Rejection of Boehner’s Plan B, still Republican’s fault?
The following is a statement issued by the president’s Press Secretary today rejecting House Speaker John Boehner’s plan B, which raised the tax rates on millionaires to stop the plunge over the fiscal cliff.
The President has put a balanced, reasonable proposal on the table that achieves significant deficit reduction and reflects real compromise by meeting the Republicans halfway on revenue and more than halfway on spending from where each side started.
That is the essence of compromise. The parameters of a deal are clear, and the President is willing to continue to work with Republicans to reach a bipartisan solution that averts the fiscal cliff, protects the middle class, helps the economy, and puts our nation on a fiscally sustainable path.
But he is not willing to accept a deal that doesn’t ask enough of the very wealthiest in taxes and instead shifts the burden to the middle class and seniors. The Speaker’s “Plan B” approach doesn’t meet this test because it can’t pass the Senate and therefore will not protect middle class families, and does little to address our fiscal challenges with zero spending cuts. The President is hopeful that both sides can work out remaining differences and reach a solution so we don’t miss the opportunity in front of us today.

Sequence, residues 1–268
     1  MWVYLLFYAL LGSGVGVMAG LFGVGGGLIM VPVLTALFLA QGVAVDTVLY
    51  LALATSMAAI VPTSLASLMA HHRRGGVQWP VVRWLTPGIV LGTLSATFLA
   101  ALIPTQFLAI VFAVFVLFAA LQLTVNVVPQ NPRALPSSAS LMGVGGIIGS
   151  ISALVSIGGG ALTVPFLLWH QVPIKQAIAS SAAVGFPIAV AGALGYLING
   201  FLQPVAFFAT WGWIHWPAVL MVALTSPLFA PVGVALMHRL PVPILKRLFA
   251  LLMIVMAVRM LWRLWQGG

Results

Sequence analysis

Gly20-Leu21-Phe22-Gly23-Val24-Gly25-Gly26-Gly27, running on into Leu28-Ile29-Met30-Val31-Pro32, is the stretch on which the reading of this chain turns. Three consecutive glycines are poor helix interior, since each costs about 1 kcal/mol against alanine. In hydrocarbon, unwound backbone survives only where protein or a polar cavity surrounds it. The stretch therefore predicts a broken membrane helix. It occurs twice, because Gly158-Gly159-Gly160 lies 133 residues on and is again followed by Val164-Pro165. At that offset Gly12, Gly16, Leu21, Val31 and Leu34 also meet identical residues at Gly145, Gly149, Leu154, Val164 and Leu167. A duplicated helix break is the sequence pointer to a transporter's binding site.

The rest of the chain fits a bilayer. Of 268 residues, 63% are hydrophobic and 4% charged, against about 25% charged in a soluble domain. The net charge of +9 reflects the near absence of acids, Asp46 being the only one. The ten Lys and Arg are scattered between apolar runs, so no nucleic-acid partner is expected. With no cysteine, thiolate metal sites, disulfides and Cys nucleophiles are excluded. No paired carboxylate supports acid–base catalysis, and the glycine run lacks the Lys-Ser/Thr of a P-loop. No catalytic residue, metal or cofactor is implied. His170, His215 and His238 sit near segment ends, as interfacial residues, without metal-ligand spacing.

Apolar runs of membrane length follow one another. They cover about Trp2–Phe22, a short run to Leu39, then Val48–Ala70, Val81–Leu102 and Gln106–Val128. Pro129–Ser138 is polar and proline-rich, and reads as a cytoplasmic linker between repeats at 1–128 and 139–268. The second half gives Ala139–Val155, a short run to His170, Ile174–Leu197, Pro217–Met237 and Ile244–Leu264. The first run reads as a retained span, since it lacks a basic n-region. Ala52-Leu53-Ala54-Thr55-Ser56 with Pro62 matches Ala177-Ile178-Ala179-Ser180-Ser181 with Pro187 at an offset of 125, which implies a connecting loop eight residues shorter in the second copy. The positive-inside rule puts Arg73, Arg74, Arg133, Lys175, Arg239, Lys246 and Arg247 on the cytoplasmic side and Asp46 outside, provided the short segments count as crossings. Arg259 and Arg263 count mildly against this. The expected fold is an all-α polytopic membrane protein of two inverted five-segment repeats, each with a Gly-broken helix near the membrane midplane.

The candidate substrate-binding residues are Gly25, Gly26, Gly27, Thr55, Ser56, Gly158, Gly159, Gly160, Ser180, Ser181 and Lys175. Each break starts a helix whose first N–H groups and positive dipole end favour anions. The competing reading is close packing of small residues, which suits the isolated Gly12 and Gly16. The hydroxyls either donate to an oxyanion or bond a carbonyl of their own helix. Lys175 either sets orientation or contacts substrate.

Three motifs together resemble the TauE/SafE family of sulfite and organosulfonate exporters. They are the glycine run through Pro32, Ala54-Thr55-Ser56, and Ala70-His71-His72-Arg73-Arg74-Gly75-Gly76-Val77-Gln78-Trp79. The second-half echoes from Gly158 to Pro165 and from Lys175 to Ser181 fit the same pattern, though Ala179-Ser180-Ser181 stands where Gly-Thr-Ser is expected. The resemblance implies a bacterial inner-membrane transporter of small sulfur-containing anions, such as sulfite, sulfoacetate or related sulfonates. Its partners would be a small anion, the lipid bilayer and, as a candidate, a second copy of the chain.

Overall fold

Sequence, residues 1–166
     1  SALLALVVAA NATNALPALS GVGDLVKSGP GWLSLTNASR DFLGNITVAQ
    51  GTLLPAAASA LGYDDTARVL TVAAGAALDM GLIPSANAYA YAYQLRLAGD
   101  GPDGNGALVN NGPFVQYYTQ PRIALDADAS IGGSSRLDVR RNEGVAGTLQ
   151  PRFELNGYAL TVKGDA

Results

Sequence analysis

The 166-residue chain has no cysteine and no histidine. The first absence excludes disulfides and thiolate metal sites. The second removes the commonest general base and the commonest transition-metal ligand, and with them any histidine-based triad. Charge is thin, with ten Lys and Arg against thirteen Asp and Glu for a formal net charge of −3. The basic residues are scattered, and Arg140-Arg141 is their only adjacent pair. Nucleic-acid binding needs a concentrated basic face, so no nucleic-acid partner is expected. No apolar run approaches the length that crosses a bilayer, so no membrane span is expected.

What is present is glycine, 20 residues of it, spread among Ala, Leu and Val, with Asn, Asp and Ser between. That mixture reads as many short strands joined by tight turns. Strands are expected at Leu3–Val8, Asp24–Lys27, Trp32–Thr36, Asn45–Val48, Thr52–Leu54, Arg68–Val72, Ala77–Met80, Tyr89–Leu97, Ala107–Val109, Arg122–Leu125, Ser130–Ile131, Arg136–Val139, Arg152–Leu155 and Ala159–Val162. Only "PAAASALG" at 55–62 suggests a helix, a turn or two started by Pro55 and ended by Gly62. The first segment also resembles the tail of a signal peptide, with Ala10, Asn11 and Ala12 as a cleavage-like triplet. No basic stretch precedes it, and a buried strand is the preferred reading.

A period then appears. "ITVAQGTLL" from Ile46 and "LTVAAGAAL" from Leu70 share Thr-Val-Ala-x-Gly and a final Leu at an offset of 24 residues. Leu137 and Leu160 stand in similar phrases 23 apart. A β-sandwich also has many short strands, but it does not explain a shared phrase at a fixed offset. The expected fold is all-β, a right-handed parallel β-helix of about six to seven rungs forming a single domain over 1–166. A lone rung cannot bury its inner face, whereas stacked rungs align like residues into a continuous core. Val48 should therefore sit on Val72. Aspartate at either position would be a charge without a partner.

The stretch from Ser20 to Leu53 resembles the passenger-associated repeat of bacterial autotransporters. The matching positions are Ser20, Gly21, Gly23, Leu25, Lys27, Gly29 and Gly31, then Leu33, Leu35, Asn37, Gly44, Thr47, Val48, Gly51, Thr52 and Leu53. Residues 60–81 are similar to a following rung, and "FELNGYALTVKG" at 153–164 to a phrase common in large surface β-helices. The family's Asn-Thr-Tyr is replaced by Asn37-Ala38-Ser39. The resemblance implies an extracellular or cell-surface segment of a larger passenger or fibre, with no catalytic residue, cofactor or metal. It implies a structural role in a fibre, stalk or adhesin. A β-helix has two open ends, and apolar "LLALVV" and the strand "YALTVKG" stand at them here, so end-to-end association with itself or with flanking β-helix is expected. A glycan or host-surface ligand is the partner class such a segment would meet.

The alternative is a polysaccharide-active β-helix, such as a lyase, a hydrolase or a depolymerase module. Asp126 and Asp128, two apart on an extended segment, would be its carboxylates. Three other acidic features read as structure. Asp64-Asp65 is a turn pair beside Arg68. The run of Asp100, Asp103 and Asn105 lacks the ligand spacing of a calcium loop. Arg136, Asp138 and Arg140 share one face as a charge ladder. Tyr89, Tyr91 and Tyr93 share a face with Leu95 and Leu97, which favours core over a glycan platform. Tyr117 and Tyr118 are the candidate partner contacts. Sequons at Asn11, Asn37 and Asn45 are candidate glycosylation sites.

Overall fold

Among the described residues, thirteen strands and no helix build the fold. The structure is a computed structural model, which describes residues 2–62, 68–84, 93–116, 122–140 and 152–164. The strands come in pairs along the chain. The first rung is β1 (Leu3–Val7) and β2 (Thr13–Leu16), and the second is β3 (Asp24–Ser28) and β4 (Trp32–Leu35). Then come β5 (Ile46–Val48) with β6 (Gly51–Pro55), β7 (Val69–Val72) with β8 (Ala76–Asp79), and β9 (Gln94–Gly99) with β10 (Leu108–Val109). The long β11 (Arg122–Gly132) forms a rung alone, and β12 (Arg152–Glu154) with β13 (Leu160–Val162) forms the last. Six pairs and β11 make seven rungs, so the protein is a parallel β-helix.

Let me see if I have this straight. If plan B doesn’t pass in the Democratically-controlled Senate, then it’s the Republicans fault, because they don’t agree entirely with President Obama’s plan?
Where’s the president’s balanced approach. He has proposed massive tax increases on the successful in our country, but where are his spending cuts?
Since the Republicans have only offered few cuts in entitlements, and Obama is too chicken to tell us any of his cuts, because he wants the Republicans to take the hit for the hard decisions – that’s also the Republicans fault?
The House should pass their budget, something Harry Reid hasn’t done in over three years, including the entitlement cuts and the tax increases for millionaires and send it to the Senate and wait for their action. If no House/Senate Conference is forthcoming, then the fiscal cliff is just as much Obama’s fault as the Republican-Controlled House!
If neither side agrees with the other, how can it be only one side’s fault? Just ask the mainstream media, of course.